Film Review – The Iron Lady

The Iron Lady (PG)

Directed by: Phyllida Lloyd

Starring: Meryl Streep, Jim Broadbent, Anthony Head

Two stars

Review by: Julian Wright

Showcasing a person’s life can be difficult. Taking decades worth of moments and stringing them together in a thematic way for the purpose of a film narrative forces us to make unreasonable leaps. Going from childhood, to teen years to adulthood in just a handful of scenes can be jarring. The best are the ones that explore one moment that shaped the subject.

While according to The Iron Lady, there were three significant eras to delve into to see what made Margaret Thatcher tick, it makes one grave mistake by making us sit through her latter years as her mind deteriorates. With her class struggles and rise to her role as Prime Minister amidst political and social unrest, why have us endure her talking to the ghost of her dead husband for such long stretches of time?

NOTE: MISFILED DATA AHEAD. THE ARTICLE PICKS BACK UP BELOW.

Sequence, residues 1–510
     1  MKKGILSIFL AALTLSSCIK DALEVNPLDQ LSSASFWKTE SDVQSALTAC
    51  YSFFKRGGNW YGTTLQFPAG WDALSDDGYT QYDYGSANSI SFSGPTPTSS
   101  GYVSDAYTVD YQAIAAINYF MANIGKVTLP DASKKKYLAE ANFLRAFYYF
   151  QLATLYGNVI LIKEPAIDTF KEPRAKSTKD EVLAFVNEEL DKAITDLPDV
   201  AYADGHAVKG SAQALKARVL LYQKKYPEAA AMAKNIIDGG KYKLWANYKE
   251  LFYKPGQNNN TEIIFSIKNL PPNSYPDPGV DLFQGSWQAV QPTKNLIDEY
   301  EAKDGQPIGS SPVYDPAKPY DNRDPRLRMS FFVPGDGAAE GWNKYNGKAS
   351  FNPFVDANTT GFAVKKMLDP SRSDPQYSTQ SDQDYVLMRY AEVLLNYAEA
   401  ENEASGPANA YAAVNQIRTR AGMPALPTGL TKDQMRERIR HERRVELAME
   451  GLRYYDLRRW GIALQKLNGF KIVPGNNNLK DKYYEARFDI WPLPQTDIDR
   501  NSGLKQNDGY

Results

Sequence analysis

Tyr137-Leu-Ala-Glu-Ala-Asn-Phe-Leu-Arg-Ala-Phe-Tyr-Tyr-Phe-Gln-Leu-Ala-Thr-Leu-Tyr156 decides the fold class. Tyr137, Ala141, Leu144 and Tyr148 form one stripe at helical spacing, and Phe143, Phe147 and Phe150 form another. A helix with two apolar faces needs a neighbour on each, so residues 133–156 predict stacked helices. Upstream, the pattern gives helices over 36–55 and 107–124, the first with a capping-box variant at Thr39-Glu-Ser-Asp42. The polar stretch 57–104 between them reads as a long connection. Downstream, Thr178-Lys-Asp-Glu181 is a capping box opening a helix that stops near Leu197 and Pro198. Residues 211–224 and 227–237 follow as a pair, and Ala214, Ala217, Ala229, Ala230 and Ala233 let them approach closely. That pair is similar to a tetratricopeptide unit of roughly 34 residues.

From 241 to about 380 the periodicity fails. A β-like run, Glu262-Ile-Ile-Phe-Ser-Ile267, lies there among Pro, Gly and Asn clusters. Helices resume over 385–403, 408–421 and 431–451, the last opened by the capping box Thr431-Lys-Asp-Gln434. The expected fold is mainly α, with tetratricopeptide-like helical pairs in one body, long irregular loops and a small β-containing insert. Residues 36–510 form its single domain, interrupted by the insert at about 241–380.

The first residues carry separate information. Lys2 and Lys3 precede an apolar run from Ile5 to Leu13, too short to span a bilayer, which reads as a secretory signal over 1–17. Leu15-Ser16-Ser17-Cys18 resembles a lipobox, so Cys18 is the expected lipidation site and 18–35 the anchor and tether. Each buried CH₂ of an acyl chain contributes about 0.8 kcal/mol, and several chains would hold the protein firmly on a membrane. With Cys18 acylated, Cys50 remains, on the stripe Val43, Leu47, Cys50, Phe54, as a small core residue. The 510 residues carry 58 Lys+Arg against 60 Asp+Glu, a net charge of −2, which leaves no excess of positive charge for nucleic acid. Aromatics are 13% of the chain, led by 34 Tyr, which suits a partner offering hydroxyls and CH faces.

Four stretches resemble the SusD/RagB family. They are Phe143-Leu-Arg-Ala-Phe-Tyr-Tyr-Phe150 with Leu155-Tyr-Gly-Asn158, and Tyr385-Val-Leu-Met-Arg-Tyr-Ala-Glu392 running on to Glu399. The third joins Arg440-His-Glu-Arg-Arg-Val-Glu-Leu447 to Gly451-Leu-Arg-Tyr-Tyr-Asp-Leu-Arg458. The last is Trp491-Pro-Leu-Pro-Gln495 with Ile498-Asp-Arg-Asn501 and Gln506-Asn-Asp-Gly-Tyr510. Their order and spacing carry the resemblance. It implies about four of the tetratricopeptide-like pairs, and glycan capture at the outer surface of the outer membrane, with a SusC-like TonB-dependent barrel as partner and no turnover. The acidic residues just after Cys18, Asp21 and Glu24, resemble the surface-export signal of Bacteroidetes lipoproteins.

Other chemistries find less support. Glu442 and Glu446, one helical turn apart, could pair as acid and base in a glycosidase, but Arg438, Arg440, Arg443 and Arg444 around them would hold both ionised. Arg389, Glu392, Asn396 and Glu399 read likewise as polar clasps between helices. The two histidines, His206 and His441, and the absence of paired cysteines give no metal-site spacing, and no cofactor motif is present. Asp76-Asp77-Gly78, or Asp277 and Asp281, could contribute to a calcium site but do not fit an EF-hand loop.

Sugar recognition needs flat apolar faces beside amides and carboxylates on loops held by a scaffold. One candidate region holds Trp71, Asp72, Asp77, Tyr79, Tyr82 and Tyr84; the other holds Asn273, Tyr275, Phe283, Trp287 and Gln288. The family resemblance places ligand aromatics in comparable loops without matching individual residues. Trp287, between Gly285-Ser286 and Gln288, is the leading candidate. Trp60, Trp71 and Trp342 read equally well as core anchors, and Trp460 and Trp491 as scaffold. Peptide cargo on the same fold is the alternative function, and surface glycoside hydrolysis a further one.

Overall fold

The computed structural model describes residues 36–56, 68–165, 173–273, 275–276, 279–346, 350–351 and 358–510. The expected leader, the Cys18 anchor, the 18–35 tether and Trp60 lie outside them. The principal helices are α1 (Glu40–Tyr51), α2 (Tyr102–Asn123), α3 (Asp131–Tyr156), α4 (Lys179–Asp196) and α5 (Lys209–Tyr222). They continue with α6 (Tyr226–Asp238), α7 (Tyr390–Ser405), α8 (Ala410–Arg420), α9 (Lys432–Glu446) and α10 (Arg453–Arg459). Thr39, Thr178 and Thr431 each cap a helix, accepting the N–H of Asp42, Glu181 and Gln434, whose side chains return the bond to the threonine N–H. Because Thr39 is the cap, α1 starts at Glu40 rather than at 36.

As Maggie’s (a heavily aged Meryl Streep in movie magic makeup) mind crumbles from the onset of dementia she spends her time making breakfast and chatting to her husband Denis (Jim Broadbent) who actually passed away years ago. She clings to her past, reluctant to get rid of Denis’ clothes, despite her daughter’ urges.

As her mind plays tricks on her it also wanders to moments in her past, like when she was a young and wide-eyed grocer’s daughter (Alexander Roach) trying to break into politics. Her struggles, despite her idealistic attitude to break into what was essentially seen as men’s business. And how she dealt with social and economic unrest in Britain.

While at times, the story of a woman breaking through the glass ceiling is alternately fascinating and familiar (how many of these have we seen before?) the sequences of her in her later years are clunky. Exploring the effects of dementia seems like a completely separate issue, particularly when dealing with the story of this woman’s life. It often comes off as a misjudged technique to take us back several years for a few flashbacks.

Meryl Streep is, as always, a powerhouse and the sole reason to continue watching. Biographical films are difficult but this is possibly the worst cock-up in cinema history with some dreadfully mishandled moments. If Thatcher were in her grave, she would be spinning in it.

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